Saudi King Abdullah and Israeli Prime Minister Binyamin Netanyahu were not won over by President Barack Obama's pledges in personal phone calls to the two Middle East leaders last week not to allow Iran to acquire a nuclear weapon. Their skepticism only grew.
This development in the Iranian nuclear controversy finds two of the three leaders trapped in a credibility gap between their public pronouncements and the Iranian reality which has long overtaken them both.
Obama’s oft-repeated pledge is canceled out by most Western nuclear experts, who are convinced that Iran managed to advance to a capacity for producing four nuclear bombs, under cover of protracted diplomacy. In their view, the current first-step deal, followed by a comprehensive accord in six months' time, are merely an attempt by the six world powers to hold Iran back from expanding its arsenal any further.
The US president’s avowals are therefore hollow.
Saudi princes and officials have often said that if Iran acquires a nuclear weapon or reaches the threshold of this capacity, the oil kingdom will not lag behind.
All Riyadh needs to do now, say debkafile’s Middle East sources, is to invoke the agreement signed with Islamabad in 2004, under which Saudi funding was provided for Pakistan’s nuclear bomb program in return for some of the bombs or warheads produced to await Saudi Arabia’s call for their delivery, complete with the appropriate missiles.
Pakistan denies the existence of this transaction.
However, military and intelligence experts in the West are certain that although this transfer has not yet taken place, it will soon, in the light of the edge Iran has gained in its current negotiations with the West.
Therefore, Obama’s phone conversation with Abdullah was more concerned with keeping a nuclear bomb out of Saudi hands than out of Iran’s.
Since 2008, the Israeli prime minister has vowed time and time again to prevent Iran reaching a nuclear threshold, making it clear that the Israeli armed forces would be sent into action – if need be.
So his credibility deficit is on a par with Obama’s.
At the Western Wall, Thursday, Nov. 11, on Hanukkah eve, Binyamin Netanyahu paraphrased a popular festival song to declare: “We came to drive out the darkness and the largest darkness that threatens the world today is a nuclear Iran!”
What did he mean by those words, if not an intention to exercise Israel’s military option to “drive out the darkness?”
Maj. Gen. (res) Yakov Amidror – until recently National Security Adviser to the prime minister – wrote last week in The New York Times that Iran already has enough enriched uranium to make four bombs. “The Geneva deal, in short, did not address the nuclear threat at all,” he wrote
Iran reached that point more than a year ago, so how to take the repeated pledges by the prime minister to “act itself, by itself” to prevent this happening?
Prime Minister Netanyahu has carefully avoided presenting the Knesset or the people with a clear picture of where Israel stands in relation to Iran’s nuclear program, has never laid out his policy on the question or depicted what the future may hold.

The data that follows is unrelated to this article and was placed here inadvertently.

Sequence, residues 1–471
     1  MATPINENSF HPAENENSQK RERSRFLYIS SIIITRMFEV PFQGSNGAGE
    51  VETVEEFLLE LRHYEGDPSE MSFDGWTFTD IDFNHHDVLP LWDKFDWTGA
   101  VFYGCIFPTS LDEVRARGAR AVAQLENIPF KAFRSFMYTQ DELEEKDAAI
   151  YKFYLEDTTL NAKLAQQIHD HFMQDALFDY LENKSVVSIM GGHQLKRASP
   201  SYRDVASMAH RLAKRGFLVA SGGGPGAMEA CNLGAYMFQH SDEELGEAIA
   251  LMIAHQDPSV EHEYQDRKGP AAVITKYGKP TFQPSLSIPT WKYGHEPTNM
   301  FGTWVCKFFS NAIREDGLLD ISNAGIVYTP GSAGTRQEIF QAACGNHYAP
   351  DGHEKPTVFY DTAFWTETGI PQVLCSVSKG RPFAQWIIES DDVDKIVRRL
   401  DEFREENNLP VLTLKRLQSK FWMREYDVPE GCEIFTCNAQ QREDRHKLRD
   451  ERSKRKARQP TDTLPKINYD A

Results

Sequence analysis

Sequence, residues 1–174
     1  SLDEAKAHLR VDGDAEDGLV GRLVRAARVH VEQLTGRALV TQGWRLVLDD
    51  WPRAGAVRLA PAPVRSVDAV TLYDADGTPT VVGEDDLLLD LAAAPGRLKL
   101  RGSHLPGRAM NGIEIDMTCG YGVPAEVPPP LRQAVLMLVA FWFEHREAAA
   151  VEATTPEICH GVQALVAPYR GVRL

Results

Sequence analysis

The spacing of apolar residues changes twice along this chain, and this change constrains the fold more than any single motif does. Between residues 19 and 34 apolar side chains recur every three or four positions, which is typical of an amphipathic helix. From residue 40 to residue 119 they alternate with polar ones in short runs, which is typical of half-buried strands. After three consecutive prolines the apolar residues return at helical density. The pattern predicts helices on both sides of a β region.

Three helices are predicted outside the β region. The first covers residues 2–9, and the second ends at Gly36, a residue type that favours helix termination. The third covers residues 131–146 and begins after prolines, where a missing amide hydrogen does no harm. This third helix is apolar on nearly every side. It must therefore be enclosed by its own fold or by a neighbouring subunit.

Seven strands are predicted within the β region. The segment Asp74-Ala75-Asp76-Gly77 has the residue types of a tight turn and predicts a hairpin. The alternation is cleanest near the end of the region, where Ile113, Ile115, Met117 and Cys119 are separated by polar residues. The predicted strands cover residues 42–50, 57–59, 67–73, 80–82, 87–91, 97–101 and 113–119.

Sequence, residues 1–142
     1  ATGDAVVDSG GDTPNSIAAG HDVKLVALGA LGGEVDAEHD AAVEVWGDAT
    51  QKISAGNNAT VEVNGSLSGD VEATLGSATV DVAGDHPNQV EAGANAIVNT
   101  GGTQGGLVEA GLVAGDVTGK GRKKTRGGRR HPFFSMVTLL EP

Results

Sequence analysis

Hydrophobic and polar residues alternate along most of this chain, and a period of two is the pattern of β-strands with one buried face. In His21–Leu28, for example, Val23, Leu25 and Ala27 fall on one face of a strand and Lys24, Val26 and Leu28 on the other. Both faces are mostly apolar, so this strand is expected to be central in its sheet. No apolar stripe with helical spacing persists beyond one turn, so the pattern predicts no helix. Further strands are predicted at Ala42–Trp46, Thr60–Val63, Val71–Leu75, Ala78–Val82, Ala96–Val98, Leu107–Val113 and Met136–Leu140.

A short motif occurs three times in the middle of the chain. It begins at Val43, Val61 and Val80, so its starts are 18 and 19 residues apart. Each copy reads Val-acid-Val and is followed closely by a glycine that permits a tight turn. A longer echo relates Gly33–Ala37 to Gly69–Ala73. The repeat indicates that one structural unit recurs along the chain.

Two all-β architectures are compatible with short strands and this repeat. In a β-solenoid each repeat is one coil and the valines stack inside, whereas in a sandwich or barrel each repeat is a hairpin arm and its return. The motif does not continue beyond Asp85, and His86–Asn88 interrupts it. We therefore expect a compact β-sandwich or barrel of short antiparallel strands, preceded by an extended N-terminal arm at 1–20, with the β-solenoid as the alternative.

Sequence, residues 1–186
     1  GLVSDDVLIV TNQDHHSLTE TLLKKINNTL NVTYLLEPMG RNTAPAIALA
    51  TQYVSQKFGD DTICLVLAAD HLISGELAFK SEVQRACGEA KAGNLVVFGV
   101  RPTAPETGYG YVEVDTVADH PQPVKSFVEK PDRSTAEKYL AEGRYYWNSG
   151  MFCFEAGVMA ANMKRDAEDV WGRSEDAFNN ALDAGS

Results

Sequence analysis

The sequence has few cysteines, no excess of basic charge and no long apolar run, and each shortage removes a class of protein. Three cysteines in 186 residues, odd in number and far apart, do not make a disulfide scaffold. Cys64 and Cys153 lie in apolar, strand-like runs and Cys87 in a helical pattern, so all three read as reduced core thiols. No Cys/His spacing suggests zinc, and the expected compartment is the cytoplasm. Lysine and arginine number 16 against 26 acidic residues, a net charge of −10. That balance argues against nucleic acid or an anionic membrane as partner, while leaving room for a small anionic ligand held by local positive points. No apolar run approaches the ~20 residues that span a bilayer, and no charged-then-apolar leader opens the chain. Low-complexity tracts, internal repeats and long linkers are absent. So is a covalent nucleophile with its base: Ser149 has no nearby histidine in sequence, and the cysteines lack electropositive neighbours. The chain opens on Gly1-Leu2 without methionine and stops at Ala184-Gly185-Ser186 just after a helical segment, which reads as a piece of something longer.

And so his “military option” has progressively waned in credibility both at home and abroad.
In Obama’s phone call to Netanyahu, debkafile’s intelligence and Washington sources report that the president described at length the US intelligence measures to be applied for verifying Iran’s compliance with the Geneva deal. He said that its findings would be referred to Israeli intelligence for a second assessment.
Obama also suggested a visit to Washington by an Israeli military intelligence delegation of nuclear experts to finalize the details of US-Israeli collaboration for verifying that Iran was living up to its commitments under the near accords.
When this US-Israeli dialogue reached their ears, the Iranians were furious. Thursday, Nov. 28, Foreign Minister Javad Zarif, dropping the genial mien he assumed in Geneva, reverted to harsh Islamic Republican-speak when he said: “Never such a thing will happen and definitely we will not be in the room in which representatives from the Zionist regime will have a presence!”
It was clear that Tehran would boycott the technical discussion on the details of the Geneva accord if Israeli experts were to sit in a side room, a proposal which might also be extended to Saudi Arabia, as the two Middle East nations most directly at risk from an Iranian nuclear capacity.
Then, Friday, President Hassan Rouhani weighed in to further devalue the Geneva accord’s international worth. In an interview with The Financial Times, he said Iran would never dismantle its atomic facilities. Asked whether this was a "red line" for the Islamic republic, Rouhani replied: "100 per cent."
In other words, not only Netanyahu but Obama too can forget about any hopes they may have entertained of Iran shutting down its Fordo enrichment plant, or holding up the construction of its heavy water plant in Arak for the production of plutonium.
Tuesday, Nov, 26, two days after the six powers signed their first-step nuclear accord with Iran, Netanyahu called the security cabinet into special session which went on into the night to hear and debate briefings from IDF intelligence (AMAN) officers.
No word has leaked from that session, but some sources claimed anonymously that the ministers received the most optimistic outlook they had heard in years.
Before giving weight to such possible optimism, debkafile’s analysts recall AMAN’s 2011 prediction that Bashar Assad’s downfall was imminent, and its misreading of the situations prevailing in Washington and Tehran.